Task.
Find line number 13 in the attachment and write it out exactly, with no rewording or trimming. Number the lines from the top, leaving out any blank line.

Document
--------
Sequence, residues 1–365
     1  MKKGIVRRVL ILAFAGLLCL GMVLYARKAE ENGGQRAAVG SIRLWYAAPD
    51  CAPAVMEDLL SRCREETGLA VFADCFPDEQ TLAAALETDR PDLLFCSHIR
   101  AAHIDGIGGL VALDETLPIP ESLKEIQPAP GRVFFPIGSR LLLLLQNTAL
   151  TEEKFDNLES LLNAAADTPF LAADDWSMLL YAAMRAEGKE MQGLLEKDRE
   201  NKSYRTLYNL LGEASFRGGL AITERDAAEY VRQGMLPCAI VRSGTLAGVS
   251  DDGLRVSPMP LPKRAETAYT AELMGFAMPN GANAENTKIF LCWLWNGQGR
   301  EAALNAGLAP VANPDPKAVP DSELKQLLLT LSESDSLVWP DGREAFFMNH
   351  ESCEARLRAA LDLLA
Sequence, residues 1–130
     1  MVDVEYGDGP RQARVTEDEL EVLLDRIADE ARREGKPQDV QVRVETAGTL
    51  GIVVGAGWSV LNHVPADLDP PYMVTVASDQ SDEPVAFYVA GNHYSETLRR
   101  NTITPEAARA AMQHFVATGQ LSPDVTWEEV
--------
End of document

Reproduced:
   101  NTITPEAARA AMQHFVATGQ LSPDVTWEEV